Are Police Officers Legally Responsible For A Detainee’s Suicide?
Wrongful death claims arise when a person dies due to the negligence of another party. Private persons and corporations may be sued for wrongful death. But when the death was the result of action–or inaction–by government officials, particularly law enforcement, the rules are somewhat more complicated.
Federal and state law confer what is known as “qualified immunity” to law enforcement officers. What this means is that you cannot sue an officer personally unless they violated a “clearly established” constitutional right of the victim. Florida law further clarifies that the officer must act “in bad faith or with malicious purpose or in a manner exhibiting wanton and willful disregard of human rights, safety, or property.”
Federal Court Denies Immunity to Jail Guards in Wrongful Death Lawsuit
A recent decision from the U.S. 11th Circuit Court of Appeals illustrates the bar that a plaintiff must clear to pursue a wrongful death case under these restrictions. The victim in this case, Turner v. Phillips, died by committing suicide while in police custody. Police in Florida arrested the defendant in 2018 on minor drug charges. While headed to jail for pre-trial detention, the victim told officers “that he would kill himself if he were incarcerated.”
Although the victim was initially placed in a special “suicide-precaution dorm,” he was later moved into the jail’s general population while awaiting trial. A couple weeks later, the victim asked to speak with the jail’s medical staff. A nurse examined the victim and referred him to the jail’s mental health coordinator. An hour later, after the victim returned to the general population, an officer–one of the defendants in this case–found the victim “slumped over” and “unresponsive.”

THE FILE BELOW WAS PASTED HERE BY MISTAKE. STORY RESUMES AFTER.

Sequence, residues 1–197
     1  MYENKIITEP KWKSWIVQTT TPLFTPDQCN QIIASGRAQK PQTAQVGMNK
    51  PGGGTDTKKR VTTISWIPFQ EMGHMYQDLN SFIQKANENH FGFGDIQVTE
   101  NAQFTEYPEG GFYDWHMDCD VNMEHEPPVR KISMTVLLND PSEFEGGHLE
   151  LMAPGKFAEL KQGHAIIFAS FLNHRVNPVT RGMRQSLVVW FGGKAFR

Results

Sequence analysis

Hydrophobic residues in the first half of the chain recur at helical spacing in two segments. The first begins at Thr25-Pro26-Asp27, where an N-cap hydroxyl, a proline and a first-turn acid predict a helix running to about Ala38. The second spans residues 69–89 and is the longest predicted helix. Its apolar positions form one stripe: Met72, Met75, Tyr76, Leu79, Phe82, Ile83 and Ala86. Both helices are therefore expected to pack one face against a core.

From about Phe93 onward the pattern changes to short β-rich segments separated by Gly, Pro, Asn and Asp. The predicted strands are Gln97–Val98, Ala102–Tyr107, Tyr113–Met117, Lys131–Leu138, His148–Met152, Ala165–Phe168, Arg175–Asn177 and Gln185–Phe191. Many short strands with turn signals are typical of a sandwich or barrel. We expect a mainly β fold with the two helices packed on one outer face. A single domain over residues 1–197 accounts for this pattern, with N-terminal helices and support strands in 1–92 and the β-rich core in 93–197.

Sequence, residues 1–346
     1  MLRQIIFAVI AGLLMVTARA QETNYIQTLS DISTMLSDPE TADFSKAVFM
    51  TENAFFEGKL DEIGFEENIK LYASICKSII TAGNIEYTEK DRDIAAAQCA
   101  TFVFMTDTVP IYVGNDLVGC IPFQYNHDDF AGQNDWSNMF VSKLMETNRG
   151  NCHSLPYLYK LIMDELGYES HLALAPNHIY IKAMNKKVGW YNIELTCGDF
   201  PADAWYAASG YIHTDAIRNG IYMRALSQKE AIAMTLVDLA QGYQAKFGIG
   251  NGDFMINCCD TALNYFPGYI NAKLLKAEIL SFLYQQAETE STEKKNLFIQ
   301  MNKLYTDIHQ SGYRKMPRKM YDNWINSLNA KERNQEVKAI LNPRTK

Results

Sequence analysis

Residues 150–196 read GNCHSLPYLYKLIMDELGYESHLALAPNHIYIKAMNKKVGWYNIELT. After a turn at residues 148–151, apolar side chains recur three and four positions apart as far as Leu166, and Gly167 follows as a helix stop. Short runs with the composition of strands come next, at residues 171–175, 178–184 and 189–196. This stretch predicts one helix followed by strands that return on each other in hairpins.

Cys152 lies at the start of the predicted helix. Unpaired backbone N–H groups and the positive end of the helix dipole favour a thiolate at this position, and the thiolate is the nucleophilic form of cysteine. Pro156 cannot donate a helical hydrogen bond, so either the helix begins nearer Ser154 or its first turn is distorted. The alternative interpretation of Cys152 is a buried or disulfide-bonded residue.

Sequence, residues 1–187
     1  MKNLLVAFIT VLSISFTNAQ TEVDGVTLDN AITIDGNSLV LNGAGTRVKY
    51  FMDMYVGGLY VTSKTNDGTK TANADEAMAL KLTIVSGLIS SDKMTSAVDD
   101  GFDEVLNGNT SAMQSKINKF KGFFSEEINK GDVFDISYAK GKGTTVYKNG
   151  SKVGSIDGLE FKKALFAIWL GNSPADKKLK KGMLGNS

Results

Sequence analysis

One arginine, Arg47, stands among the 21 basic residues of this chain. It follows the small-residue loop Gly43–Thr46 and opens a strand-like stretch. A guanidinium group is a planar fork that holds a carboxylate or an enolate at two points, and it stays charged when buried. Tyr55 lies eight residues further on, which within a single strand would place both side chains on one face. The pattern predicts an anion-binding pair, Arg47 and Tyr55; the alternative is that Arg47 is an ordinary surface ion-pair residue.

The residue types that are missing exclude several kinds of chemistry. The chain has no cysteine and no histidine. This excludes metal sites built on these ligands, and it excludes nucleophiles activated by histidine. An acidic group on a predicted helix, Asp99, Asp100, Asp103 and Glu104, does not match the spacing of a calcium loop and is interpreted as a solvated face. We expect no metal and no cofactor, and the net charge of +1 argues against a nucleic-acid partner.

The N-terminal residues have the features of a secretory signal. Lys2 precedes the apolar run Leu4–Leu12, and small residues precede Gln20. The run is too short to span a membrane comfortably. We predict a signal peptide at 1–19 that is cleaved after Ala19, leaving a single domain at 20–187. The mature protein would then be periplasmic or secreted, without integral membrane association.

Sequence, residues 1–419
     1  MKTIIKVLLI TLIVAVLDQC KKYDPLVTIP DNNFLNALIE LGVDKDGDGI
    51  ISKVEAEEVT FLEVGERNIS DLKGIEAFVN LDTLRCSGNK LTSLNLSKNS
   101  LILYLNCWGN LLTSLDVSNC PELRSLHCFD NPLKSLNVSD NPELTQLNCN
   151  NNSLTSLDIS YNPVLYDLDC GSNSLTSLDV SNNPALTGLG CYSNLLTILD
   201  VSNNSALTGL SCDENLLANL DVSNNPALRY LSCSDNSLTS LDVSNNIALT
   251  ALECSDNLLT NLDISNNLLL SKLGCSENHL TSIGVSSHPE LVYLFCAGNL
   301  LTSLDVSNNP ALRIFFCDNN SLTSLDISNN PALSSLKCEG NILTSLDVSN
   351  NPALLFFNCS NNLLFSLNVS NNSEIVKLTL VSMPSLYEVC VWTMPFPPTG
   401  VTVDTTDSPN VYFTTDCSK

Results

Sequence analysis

The officer placed the defendant in a shower room and left him there. The victim started to fashion a noose using his pants before another inmate talked him out of committing suicide. Another officer (and another co-defendant) was monitoring the room remotely and also thought the victim was attempting suicide. But the co-defendant officer allegedly talked him out of doing anything, convinced the victim was simply seeking attention.
He was not. A few hours later, the victim hung himself. The victim’s brother subsequently filed a wrongful death lawsuit against the two officers and several other parties. The officers moved to dismiss the case against them on qualified immunity grounds.
Both the trial court and the 11th Circuit declined to do so. The appellate court explained that all persons held in jail pending trial have a constitutional “right to be protected from self-inflicted injuries, including suicide.” A law enforcement officer violates this right by exhibiting “deliberate indifference” to a detainee’s suicide. Put another way, if the plaintiff can prove that the defendants knew there was a “strong likelihood” that a detainee will harm himself yet they disregarded that risk through conduct beyond “gross negligence,” those defendants can be held liable for the detainee’s wrongful death.
Speak with a Florida Wrongful Death Lawyer Today
If you have lost a loved one through the reckless, negligent, or criminal acts of others, you have the right to demand answers in court. An experienced Boca Raton wrongful death attorney can provide you with invaluable guidance and representation. Contact Leifer & Ramirez today to schedule a free consultation.